Eric LeGrand to speak at Rutgers commencement after snub
MAY 06, 2014 10:30a ET
But now even LeGrand, the former Scarlet Knights defensive lineman who was paralyzed from the neck down making a tackle in a 2010 football game, is expressing disappointment at his soon-to-be alma mater, telling NJ.com he's "hurt" after being pulled off of commencement speaking duties at his graduation just two days after he was asked to give the keynote address.
The merry-go-round took another spin Tuesday afternoon when the school said LeGrand would be given the opportunity to speak. He won't be the only speaker.
"Eric LeGrand will speak at our commencement and personally receive his degree from me as a representative of the Class of 2014," Rutgers President Robert Barchi said in a statement. "It was never our intention that Eric would be the only speaker. We have resolved that miscommunication and are delighted to have him participate."
That would seem to resolve a tumultuous situation at a school that has engaged in a serious of such events.
Acording to NJ.com, Greg Jackson, Barchi's chief of staff, contacted LeGrand by phone on Saturday, while LeGrand was at a fundraiser for spinal cord research in Sunrise, Florida. Jackson asked LeGrand if he was interested in speaking at Rutgers' graduation on May 18 -- in place of former U.S. Secretary of State Condoleezza Rice, who over the weekend backed out of her commitment to give the speech, adding that the two would touch base Monday.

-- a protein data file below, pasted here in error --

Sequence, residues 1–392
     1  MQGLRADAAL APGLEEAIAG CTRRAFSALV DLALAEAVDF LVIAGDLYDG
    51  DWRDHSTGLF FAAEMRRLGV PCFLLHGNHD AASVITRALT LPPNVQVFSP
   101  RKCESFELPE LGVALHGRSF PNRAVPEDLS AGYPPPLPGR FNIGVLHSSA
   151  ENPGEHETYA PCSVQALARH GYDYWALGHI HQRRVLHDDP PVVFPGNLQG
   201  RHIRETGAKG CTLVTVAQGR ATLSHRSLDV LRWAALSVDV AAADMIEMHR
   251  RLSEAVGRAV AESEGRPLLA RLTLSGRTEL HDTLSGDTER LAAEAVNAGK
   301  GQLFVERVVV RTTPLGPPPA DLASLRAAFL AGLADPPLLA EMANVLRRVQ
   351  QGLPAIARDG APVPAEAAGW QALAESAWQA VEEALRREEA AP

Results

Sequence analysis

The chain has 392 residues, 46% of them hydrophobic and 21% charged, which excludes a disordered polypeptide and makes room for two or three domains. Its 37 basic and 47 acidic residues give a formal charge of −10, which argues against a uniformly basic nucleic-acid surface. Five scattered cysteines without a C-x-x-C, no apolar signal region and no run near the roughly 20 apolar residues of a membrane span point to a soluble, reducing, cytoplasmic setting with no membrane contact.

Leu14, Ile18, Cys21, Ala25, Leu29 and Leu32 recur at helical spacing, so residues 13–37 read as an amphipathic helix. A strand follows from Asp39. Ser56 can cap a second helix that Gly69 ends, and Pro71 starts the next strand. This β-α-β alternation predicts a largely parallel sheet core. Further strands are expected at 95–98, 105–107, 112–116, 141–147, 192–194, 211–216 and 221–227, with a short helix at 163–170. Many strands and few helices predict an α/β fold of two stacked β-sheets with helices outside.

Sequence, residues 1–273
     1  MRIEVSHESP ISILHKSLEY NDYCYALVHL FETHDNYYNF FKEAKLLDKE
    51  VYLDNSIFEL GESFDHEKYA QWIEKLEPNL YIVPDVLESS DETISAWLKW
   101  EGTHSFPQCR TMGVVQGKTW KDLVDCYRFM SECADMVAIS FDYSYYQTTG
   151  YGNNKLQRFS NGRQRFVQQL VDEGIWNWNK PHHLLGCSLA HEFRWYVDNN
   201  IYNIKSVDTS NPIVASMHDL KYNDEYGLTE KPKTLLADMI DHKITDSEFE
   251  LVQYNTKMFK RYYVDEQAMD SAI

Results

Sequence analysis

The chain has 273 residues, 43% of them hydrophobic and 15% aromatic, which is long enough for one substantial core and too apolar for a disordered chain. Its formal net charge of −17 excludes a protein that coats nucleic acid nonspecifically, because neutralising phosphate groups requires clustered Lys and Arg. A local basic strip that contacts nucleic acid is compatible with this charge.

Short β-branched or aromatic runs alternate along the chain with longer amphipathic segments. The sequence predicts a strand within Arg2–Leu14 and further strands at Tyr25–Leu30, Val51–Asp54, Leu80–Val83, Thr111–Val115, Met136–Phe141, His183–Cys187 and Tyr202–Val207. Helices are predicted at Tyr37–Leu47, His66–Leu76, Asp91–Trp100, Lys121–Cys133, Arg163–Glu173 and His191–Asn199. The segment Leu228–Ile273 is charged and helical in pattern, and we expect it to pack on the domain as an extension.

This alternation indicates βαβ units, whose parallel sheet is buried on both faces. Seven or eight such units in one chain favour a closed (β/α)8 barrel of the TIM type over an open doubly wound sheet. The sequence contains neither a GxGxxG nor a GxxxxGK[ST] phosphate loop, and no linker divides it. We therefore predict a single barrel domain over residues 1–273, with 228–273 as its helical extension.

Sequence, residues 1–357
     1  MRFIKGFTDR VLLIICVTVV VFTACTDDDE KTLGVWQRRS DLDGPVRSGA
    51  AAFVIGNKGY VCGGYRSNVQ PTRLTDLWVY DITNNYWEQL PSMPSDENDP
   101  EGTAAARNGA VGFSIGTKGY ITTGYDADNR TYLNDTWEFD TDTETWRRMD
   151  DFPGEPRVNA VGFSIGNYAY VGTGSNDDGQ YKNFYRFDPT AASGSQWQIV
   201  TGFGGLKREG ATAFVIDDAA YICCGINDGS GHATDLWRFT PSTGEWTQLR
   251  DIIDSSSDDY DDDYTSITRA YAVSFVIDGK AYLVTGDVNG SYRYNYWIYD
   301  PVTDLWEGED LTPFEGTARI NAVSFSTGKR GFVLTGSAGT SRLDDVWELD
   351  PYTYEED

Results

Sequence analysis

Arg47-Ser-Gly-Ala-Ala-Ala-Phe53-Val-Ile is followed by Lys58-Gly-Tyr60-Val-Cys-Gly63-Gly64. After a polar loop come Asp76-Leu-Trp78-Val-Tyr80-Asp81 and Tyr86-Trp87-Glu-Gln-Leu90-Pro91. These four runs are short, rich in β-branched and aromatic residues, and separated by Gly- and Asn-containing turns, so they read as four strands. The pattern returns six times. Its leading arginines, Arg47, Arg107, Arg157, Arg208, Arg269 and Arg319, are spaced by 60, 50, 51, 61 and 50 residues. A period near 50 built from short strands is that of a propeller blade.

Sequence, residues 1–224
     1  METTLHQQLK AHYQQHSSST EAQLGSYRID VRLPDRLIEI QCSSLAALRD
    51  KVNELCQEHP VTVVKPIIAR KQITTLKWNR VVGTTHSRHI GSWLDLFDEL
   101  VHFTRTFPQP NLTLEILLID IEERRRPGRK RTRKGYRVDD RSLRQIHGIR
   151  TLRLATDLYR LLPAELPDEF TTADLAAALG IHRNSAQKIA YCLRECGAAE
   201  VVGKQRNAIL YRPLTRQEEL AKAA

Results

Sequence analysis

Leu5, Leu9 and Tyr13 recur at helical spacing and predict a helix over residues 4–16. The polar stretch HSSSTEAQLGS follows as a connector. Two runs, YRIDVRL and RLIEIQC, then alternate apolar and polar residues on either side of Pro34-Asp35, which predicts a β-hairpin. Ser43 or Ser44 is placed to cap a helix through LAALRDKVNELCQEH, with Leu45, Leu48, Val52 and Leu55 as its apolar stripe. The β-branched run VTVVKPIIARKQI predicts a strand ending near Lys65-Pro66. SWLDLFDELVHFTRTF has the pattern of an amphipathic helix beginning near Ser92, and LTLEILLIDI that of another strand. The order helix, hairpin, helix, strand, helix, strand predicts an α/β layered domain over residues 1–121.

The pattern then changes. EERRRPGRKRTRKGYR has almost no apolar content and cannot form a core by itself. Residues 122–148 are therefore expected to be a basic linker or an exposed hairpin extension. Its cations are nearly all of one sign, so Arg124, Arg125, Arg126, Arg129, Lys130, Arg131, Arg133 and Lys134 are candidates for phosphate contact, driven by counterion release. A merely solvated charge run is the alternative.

LeGrand said he touched base with Jackson on Monday morning as he prepared to fly back to New Jersey from Florida, and intended to formally accept the invitation in a planned call later that day. But when LeGrand finally got home Monday evening, he received a call from Rutgers athletic director Julie Hermann informing him that former New Jersey governor Tom Kean would be giving the address instead.
"She told me, 'I was pushing for you, but President Barchi decided to go in another direction for political reasons. But he wants you to come to the ceremony. He wants to personally give you your degree,'" LeGrand told NJ.com. "I just didn't know how to feel. I was hurt. They offered me this on Saturday and then they take it back on Monday. I was like, 'Why?'"
Unfortunately for LeGrand, who had his number retired at Rutgers' football field -- the site of the university-wide commencement -- and has spent much of the last few years traveling the country telling his story, the "why" still hasn't been cleared up. LeGrand told NJ.com that Jackson did not return two phone calls seeking explanation Monday night. The school also did not respond to requests by NJ.com for comment.
"I just feel like I was offered something and it was taken back and I don't know the reasons why," LeGrand told NJ.com. "I wasn't told the reasons why. I thought I was a good fit for the position to do it. I thought I could do the job, but I guess they thought different."
LeGrand is set to graduate with a degree in labor relations.